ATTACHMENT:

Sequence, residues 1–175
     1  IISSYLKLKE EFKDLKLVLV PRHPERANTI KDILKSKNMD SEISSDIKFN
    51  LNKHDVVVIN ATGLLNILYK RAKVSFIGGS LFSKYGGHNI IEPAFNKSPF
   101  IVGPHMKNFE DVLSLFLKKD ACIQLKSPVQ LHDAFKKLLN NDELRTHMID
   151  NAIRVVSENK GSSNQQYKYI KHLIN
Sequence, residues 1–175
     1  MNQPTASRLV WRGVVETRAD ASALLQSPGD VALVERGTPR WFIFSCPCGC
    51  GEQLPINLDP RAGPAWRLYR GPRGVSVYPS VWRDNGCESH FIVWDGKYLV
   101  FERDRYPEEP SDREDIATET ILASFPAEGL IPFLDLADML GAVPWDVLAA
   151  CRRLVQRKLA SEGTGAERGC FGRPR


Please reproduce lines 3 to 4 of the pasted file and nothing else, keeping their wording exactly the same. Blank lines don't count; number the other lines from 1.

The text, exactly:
    51  LNKHDVVVIN ATGLLNILYK RAKVSFIGGS LFSKYGGHNI IEPAFNKSPF
   101  IVGPHMKNFE DVLSLFLKKD ACIQLKSPVQ LHDAFKKLLN NDELRTHMID